The settlement documents say the Department of Corrections agreed to pay damages to Sjodin's family to avoid the expense and uncertainties of a lawsuit. The documents say the state admits no wrongdoing, liability or that it violated state or federal law.
The terms of the agreement provide little detail about why the family intended to sue the state. Critics have argued that Rodriguez should not have been released, but committed indefinitely as sexually psychopathic. The Corrections Department released Rodriguez, who was a Level 3 sex offender, seven months before Sjodin disappeared.
Though the state admitted no fault, family members said they were satisfied with statements made by state officials and believe they were heartfelt.
"We never talked about the money," said Linda Walker, Dru Sjodin's mother. "What we really wanted was something in writing from the state, 'I'm sorry. We were wrong.' That's an important part of the healing on our part."
"The settlement shows the state dropped the ball," said Rep. Joe Atkins, DFL-Inver Grove Heights.
Atkins has authored legislation on toughening laws for convicted sex offenders. He says the Sjodin case shows the state needs to do a better job of preventing sex offenders from getting out and committing more crimes.
"The Legislature and the administration have done a good job of punishing these crimes, but once they're committed it's difficult to go back and unring the bell. There's already a victim, there's already people hurt," Atkins said.
The governor's office released a statement that blamed the previous administration for releasing Rodriguez.
“We never talked about the money. What we really wanted was something in writing from the state, 'I'm sorry. We were wrong.'”Linda Walker, Dru Sjodin's mother
Since then, the state has "dramatically toughened procedures and laws relating to sex offenders to make them among the strongest in the nation," the statement said.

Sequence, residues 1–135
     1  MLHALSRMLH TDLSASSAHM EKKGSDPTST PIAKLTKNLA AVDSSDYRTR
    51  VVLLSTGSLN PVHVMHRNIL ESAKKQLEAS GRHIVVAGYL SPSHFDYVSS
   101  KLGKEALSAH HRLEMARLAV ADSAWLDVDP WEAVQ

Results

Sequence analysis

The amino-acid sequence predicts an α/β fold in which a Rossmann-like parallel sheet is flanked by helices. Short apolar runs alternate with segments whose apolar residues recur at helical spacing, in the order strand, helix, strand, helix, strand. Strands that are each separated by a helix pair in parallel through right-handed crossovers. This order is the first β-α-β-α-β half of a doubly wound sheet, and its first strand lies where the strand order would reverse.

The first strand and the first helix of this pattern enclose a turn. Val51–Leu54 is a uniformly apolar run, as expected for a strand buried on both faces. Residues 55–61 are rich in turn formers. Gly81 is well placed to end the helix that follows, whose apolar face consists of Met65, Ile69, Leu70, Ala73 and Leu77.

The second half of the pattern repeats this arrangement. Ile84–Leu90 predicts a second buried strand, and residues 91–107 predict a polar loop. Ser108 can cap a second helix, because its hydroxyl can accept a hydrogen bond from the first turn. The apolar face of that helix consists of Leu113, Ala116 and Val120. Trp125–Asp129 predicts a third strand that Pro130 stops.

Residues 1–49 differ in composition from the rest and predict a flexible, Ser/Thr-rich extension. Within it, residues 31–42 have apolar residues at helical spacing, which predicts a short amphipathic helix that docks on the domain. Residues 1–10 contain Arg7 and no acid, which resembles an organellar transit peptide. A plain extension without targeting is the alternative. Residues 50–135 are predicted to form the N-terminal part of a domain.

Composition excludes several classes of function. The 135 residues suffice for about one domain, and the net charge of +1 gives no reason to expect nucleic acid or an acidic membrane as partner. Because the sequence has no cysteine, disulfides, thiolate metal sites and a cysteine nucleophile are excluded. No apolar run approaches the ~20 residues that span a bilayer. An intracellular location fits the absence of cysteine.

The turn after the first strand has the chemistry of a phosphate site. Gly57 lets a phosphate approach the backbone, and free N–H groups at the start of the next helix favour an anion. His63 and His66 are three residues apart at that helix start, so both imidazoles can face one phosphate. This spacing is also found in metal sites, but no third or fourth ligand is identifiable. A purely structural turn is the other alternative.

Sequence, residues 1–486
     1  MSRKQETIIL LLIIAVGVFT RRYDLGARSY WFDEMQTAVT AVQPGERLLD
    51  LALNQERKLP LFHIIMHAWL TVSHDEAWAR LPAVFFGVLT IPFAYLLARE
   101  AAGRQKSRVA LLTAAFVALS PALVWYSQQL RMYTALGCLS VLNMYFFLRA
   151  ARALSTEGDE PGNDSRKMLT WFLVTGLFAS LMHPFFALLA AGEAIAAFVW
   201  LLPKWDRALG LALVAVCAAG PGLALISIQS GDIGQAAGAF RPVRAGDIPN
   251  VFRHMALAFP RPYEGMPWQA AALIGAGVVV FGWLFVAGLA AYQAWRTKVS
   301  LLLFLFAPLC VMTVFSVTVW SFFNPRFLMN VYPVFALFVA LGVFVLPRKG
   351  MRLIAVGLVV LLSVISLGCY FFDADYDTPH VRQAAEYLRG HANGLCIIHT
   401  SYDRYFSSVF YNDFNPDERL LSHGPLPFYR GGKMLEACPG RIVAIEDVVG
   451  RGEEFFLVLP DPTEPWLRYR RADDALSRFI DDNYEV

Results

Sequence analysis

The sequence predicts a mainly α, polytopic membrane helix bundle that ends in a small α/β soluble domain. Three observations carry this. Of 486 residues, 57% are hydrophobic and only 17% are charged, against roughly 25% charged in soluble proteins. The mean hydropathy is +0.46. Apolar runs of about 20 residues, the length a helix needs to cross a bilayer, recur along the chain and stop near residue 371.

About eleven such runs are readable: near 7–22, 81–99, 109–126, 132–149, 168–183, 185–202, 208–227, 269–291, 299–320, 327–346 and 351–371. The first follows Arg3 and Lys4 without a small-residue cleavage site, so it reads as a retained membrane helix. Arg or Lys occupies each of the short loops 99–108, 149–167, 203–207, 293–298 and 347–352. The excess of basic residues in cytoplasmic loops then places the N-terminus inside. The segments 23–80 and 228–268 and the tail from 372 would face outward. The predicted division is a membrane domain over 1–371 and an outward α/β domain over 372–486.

The former head of the Minnesota Security Hospital at St. Peter, however, says the state doesn't use its dollars wisely in committing sex offenders. Dr. Michael Farnsworth says the state should commit longtime sex offenders to prison, not to treatment centers.
The Department of Human Services says it costs more than $140,000 a year to commit a sex offender to specialized programs. Farnsworth says the state should be spending more money on younger sex offenders and intense supervision.
"Taking these men into these sex offender treatment programs after years, or in some cases decades, and then thinking, 'We can turn them around with talk therapy,' is as unlikely a positive outcome as taking people in terminal stages of cancer and then making the decision to start treating them when they're just about to die," Farnsworth said.
The settlement raises the question of whether policymakers will change course in how they treat sex offenders.
One national expert who studies how state courts deal with sex offenders says settlements can lead states to overreact.
"States might overprosecute, they may overcommit, they may try to keep sex offenders either in prison or in a civil commitment system for as long as possible -- even though they're not, in fact, at high risk for committing another sex crime," said John LaFond, an author and retired law professor at the University of Missouri.
Former state Health and Human Services Commissioner Kevin Goodno says the settlement probably won't change sex offender policy, since this case was unique.
"After the case was discovered and the situation happened, there was a reaction on the state level and the local level with how to proceed with civilly committing sex offenders," he said. "And I think the reaction has already taken place, so I really don't believe the settlement will impact that more or cause any more changes to take place."
Documents say the state settled the case in July, but did not release the agreement until a reporter asked for it. A Department of Corrections spokesperson said the department doesn't usually release settlement agreements out of privacy concerns.
Last February, a federal judge in Fargo sentenced Rodriguez to death for Sjodin's murder.
(The Associated Press contributed to this report)